- the initial or pre-stone stage is characterized by the presence of biliary stasis, thick bile and microliths in the gallbladder. In half of the cases, the pre-stone stage is reversible.
- concretion stage
- stage of chronic calculous cholecystitis
- stage of calculous cholecystitis complications
As can be seen, depending on the symptoms of calculous cholecystitis, the methods of treatment of the disease will differ significantly.
The diagnosis of calculous cholecystitis is made based on the symptoms mentioned in the patient and on clinical studies. For this purpose, complete blood count and urine. Ultrasound, CT (computed tomography) and x-rays (cholecystography). A study of the level of pancreatic enzymes and liver samples is carried out, an analysis of feces is done. In some cases, duodenal intubation may be indicated with sampling of bile.
Also, calculous cholecystitis should be differentiated from the following pathologies:
- biliary dyskinesia;
- stoneless cholecystitis;
- cholesterosis gallbladder;
- right renal colic;
- chronic hepatitis;
- gastroesophageal reflux;
- chronic pancreatitis;
- chronic gastritis;
- chronic colitis;
- irritable bowel syndrome;
- stomach ulcer and 12p. guts.
Treatment of chronic forms usually takes place at home, during exacerbations the patient is hospitalized or, depending on the condition, treated in the day hospital.
Among the complications of calculous cholecystitis, the most significant are:
- choledocholithiasis (congestion of the common bile duct);
- subphrenic abscess;
- empyema and perforation of the gallbladder;
- stenosis of the Vater papilla;
- acute or chronic pancreatitis;
- reactive cholangitis, hepatitis;
Only timely and competent treatment of the disease will help to avoid the unpleasant effects of cholelithiasis cholecystitis.
Treatment of calculous cholecystitis
Therapy depends on the form of the disease. Treatment of acute calculous cholecystitis is carried out in a hospital. Self-treatment at home is prohibited. As a rule, antispasmodic, antibacterial, detoxification therapy, anticholinergic, antiemetic agents are prescribed. After stabilization of the condition, surgical treatment is carried out in a planned manner.
If all the treatment undertaken is useless, then decide on the operation. During surgical treatment, both the organ itself with stones, and only stones can be removed. The choice of the type of operation depends on the state of the organ, the size and number of gallstones.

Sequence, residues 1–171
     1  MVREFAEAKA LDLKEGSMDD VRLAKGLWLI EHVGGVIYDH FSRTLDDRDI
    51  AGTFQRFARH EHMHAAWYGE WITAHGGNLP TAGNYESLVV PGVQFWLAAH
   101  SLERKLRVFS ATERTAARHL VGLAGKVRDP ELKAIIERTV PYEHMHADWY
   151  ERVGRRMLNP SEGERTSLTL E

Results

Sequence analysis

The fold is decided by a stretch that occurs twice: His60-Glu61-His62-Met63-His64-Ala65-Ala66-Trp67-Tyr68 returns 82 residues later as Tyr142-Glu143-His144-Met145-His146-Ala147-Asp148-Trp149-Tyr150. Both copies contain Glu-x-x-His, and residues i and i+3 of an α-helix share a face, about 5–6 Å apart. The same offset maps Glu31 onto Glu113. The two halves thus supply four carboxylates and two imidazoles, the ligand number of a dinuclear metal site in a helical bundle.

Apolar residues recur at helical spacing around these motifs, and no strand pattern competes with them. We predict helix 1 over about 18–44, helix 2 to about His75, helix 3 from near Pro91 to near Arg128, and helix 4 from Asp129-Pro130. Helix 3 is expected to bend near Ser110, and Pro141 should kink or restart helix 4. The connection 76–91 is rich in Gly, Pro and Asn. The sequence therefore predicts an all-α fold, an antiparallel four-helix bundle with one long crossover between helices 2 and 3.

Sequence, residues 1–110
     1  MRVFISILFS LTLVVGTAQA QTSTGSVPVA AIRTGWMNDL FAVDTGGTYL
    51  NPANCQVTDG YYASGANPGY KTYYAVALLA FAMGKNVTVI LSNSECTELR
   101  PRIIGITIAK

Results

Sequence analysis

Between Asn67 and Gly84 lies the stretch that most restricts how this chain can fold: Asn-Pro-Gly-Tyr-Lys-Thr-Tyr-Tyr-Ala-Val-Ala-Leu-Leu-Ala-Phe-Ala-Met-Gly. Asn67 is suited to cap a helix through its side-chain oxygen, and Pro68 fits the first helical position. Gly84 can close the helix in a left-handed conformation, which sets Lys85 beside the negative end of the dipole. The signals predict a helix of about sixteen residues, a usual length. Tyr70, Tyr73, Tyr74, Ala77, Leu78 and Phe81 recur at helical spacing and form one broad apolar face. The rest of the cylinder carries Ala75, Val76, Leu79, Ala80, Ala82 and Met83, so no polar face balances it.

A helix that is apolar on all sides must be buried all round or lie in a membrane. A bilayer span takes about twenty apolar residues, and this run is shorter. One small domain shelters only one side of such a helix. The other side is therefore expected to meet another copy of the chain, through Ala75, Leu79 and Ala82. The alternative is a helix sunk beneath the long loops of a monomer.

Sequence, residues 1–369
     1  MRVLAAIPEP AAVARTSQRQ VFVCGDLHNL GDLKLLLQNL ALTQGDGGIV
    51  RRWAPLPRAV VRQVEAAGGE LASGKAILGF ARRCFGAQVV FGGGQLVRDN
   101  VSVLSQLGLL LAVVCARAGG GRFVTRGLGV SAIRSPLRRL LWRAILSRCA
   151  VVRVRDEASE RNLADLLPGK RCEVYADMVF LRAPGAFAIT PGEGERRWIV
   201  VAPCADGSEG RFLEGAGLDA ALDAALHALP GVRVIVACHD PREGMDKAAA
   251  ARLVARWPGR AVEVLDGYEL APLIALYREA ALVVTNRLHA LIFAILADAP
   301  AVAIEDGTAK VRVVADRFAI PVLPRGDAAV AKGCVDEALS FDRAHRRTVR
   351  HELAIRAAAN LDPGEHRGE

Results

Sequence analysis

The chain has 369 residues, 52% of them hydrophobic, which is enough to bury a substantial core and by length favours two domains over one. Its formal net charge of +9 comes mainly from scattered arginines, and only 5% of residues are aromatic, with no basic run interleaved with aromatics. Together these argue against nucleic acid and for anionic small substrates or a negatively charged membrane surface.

As for chronic calculous cholecystitis, the basis of treatment is strict adherence to the diet during periods of attack and interstitial periods, exclusion of foods rich in carbohydrates and fats, reduction to a minimum of salt and spices, and complete abandonment of alcohol.
After the exacerbation of the exacerbation, litholytic therapy is prescribed - the use of medications that dissolve gallstones - ursosan, henofalk, lithophalk. These drugs allow the treatment of calculous cholecystitis without surgery at home. Also, if necessary, prescribe antispasmodic drugs.
There are several types of surgery for the treatment of calculous cholecystitis:
- Laparoscopy. Several cuts are made on the abdomen, through which special tools and an optical device, the laparoscope, are inserted, which transmits an image to the monitor. Extensive opening of the peritoneum is not required, so the period of postoperative recovery is reduced and the appearance of the operated person does not suffer.
- Percutaneous cholecystostomy. A drainage tube is inserted into the gallbladder through a small incision in the abdomen. Used for the course of elderly and severe patients who have complications of acute cholecystitis.
If minimally invasive intervention is impossible, they resort to performing open cholecystectomy or cholecystectomy from mini-access. Open cholecystectomy is usually indicated for complicated forms of calculous cholecystitis. In some cases, in weakened or elderly patients with complications, a cholecystotomy or percutaneous cholecystostomy is performed.
With calculous cholecystitis, the prognosis for life is conditionally favorable, with adequate therapy, the ability to work will be fully preserved. Complications associated with the development of peritonitis due to gallbladder rupture are the most dangerous. In this case, even with adequate treatment, death is possible.